In your particular case you have a 1 bed flat so you don't have a spare bedroom to rent. Where are you/they supposed to sleep?
                PS. if they are sleeping in your bedroom with you then that's a whole different relationship, the DWP will regard that as a civil partnership even if you are in seperate beds, and that will affect your benefits.
                (And if you are charging someone to sleep with you then you know what that is called).

                It's very unlikely that your tenancy agreement allows you to have a lodger, you dont have a bedroom for them.
                (As a Scottish Secure Tenant you can only be evicted for breaking you tenancy agreement, your LL would not have said they will evict unless they are sure that you were in breach).

                Having permission for "people staying over" means friends/relatives stopping for a few nights, it does not mean permission to taking a paying lodger.


                So all in all you do not have any right or permission to take in lodgers.
                You have been warned that this is breaking your tenancy agreement and you will be evicted if you continue to take paying lodgers.

                Comment


                  #9
                  I fear someone talkin' mince..

                  http://scotland.shelter.org.uk/get_a..._secure_tenant
                  Scottish secure tenancies and subletting

                  If you want to sublet your home or take in a lodger, you will need to write to your landlord to ask permission, explaining who the new tenant will be, when they will be moving in and how much deposit and rent you will be charging them. Your landlord has to give you permission, unless they have good reason not to (for example, because it will make your home illegally overcrowded, or because they think you are charging the new tenant too much rent).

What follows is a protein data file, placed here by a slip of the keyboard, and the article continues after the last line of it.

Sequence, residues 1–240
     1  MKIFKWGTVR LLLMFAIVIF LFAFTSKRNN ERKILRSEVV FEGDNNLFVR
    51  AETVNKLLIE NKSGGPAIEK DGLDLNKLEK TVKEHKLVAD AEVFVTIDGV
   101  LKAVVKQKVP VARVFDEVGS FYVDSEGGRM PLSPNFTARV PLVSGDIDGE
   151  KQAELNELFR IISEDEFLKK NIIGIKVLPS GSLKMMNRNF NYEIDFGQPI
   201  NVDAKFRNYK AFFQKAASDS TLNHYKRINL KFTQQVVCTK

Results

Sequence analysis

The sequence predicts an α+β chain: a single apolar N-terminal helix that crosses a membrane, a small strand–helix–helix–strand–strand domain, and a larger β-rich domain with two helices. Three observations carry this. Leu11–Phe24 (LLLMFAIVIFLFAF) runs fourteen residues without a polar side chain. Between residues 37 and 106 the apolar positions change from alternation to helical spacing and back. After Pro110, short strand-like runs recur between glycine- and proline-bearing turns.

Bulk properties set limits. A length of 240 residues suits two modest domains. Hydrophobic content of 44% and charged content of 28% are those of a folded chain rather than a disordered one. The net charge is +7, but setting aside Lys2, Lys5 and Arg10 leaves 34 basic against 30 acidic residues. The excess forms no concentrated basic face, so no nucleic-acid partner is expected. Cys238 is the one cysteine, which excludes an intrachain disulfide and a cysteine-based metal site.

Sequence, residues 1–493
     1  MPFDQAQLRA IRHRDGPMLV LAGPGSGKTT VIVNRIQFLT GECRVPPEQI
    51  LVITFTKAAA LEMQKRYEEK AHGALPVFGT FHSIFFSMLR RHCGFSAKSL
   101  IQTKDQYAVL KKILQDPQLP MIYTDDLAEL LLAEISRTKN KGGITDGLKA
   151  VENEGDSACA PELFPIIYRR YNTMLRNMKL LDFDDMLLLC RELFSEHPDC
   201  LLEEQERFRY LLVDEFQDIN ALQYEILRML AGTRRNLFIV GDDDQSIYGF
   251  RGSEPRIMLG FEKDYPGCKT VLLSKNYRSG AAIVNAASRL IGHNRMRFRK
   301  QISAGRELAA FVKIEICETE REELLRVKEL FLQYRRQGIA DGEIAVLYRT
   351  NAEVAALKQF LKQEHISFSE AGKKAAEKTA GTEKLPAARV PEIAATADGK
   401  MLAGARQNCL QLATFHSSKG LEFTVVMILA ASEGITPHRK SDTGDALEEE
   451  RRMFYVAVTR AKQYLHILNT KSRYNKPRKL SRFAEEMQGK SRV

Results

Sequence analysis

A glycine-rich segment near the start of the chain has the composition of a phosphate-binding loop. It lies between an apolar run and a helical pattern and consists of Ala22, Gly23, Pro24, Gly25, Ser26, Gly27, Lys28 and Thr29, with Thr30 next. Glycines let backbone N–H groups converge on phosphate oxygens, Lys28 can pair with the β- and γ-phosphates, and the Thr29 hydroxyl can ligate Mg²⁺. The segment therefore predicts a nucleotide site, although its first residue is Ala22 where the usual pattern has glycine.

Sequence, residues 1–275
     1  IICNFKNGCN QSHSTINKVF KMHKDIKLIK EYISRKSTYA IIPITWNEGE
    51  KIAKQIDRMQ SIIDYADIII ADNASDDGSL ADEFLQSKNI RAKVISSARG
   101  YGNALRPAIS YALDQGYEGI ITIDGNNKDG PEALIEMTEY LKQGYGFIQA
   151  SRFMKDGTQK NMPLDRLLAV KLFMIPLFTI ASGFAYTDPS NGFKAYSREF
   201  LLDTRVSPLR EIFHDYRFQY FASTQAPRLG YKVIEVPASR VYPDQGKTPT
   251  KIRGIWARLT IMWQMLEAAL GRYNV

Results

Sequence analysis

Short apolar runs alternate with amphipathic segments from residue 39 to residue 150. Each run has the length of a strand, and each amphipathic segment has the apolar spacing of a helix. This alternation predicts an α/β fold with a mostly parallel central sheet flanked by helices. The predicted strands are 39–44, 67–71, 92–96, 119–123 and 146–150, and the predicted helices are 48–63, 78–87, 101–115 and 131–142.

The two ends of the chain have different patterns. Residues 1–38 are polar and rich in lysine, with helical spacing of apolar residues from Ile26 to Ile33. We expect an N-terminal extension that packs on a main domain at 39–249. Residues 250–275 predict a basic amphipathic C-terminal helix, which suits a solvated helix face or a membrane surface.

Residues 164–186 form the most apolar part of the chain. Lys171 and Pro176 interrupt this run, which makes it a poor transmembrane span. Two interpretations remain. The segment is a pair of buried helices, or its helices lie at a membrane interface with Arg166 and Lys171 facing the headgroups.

If you write to your landlord asking permission and they do not get back to you within a month, you can presume they have consented to the arrangement. You should then write to them again explaining that you assume consent has been given and informing them when the tenant will be moving in.

                  If your landlord refuses consent, you can make a summary application to the sheriff court to appeal their decision. The deadline for making an application is 21 days from day your landlord notified you of their decision. Get advice from a solicitor if you're planning on going to court.

                  If you want to put your tenant's rent up, you will have to inform your landlord, who can veto the increase if they feel it's excessive.

                  As the head tenant, you will still be responsible for paying the full rent to your landlord. In addition, as the landlord of your subtenant or lodger, you will have certain responsibilities. For example, you will be responsible for making sure certain repairs are carried out, and for carrying out the correct eviction procedure if you want your tenant to leave....
                  And yes readers, a "lodger" in Scotland is a tenant and needs a Sheriff court order to be evicted...

                  MrStuart, should need any further info or advice check the Shelter Scotland website or 'phone them, Mon-Fri 9-5, 0808 800 4444.
                  I am legally unqualified: If you need to rely on advice check it with a suitable authority - eg a solicitor specialising in landlord/tenant law...

                  Comment